The technical session was divided into four parts on the following themes:

  1. Geogenic ground water pollution – Special reference to Arsenic and Fluoride; Anthropogenic ground water pollution – mitigation measures.
  2. Ground water stressed areas – Management interventions for sustainable use; Ground water mapping and application of recent techniques.
  3. Water conservation and conjunctive use of surface and ground water in efficient manner.
  4. Ground water system response to climate change and strategies. Ground water: Efficient use and peoples’ participation for its sustainable management.


A total of 27 papers pertaining to various aspects of the themes mentioned were presented during the technical sessions. The technical sessions made the following key recommendations:

  • Studies to be taken up for better understanding of impact of geogenic/anthropogenic contamination on human health.
  •  Pilot studies on remediation of groundwater contamination should be taken up more vigorously.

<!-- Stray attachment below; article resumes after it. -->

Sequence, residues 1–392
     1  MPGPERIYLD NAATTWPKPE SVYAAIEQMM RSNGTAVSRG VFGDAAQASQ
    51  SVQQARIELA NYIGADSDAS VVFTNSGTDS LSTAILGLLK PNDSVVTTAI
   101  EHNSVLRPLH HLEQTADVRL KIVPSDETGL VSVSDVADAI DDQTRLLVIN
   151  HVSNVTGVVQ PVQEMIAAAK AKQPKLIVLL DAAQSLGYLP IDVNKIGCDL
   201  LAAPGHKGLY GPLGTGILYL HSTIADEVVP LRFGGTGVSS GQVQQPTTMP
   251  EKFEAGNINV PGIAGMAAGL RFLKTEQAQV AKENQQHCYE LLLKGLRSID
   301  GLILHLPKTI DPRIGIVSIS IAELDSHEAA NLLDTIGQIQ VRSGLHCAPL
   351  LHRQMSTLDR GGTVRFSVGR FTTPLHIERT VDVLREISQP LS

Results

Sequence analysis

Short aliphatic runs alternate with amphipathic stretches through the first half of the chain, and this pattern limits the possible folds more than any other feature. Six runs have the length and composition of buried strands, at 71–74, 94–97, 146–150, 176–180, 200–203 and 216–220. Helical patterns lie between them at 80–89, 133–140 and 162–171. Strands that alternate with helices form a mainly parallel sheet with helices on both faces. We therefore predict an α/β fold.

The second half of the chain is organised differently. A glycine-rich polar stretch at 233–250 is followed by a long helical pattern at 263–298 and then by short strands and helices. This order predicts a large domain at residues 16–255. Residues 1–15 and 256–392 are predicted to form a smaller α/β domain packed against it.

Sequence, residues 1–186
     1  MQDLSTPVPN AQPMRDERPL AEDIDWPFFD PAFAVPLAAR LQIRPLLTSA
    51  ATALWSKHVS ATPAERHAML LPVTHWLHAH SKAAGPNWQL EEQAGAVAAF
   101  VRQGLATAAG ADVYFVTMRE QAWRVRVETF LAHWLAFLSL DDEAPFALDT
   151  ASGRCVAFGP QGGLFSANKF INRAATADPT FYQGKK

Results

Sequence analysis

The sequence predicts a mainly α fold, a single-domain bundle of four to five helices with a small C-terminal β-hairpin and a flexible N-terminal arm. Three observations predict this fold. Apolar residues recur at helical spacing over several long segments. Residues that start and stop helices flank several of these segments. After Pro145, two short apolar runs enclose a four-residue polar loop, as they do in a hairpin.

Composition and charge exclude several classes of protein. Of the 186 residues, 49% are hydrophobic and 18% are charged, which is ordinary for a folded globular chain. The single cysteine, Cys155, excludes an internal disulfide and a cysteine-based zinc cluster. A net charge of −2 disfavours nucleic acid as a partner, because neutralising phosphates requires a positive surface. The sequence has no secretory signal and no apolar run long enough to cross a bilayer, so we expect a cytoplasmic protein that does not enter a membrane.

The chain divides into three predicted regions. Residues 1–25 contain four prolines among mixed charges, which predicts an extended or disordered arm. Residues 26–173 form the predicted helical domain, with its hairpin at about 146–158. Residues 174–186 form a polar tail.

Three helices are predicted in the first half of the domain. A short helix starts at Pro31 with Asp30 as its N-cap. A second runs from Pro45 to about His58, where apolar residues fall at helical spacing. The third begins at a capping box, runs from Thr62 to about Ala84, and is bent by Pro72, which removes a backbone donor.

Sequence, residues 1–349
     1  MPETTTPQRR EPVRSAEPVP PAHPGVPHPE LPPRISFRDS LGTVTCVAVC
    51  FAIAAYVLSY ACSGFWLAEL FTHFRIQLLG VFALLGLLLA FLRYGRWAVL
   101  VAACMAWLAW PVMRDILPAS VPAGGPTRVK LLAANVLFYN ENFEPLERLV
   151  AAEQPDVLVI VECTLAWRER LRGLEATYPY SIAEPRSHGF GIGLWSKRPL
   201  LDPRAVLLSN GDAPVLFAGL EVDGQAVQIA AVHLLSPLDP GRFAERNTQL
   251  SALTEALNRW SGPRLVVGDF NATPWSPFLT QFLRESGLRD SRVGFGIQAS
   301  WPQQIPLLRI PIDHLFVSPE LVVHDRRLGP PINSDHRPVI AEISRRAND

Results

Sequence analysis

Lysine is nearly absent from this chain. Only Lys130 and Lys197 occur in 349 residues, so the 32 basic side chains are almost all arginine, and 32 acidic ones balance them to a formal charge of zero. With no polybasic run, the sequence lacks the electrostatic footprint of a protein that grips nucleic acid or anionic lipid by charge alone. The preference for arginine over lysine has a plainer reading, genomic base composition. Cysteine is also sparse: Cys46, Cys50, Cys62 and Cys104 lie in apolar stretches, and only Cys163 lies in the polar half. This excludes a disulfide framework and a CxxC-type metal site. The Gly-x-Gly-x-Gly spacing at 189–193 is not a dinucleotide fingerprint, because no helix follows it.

•  Community participation in the fight against groundwater contamination should be ensured through an intensive mass awareness and capacity building campaign
  •  Advanced Geophysical studies like Electrical Resistivity Tomography and Heli-borne surveys should be taken up to undertake large scale mapping for the whole country.
  •  The current method of computing the ground water recharge and draft can be supplemented by remote sensing techniques.
  •  Artificial recharge techniques should be employed to push the freshwater-seawater interface into sea and alternate arrangements for source water to be planned.
  •  Implementation of two pilot projects for conjunctive use of surface and ground water may be taken up in two of the larger canal command areas where studies have already been completed.
  •  Use of ground water from deep aquifers for conjunctive use with surface canal water has been successfully demonstrated but the legal aspects of its impact on the shallow tube well of the farmers should be considered.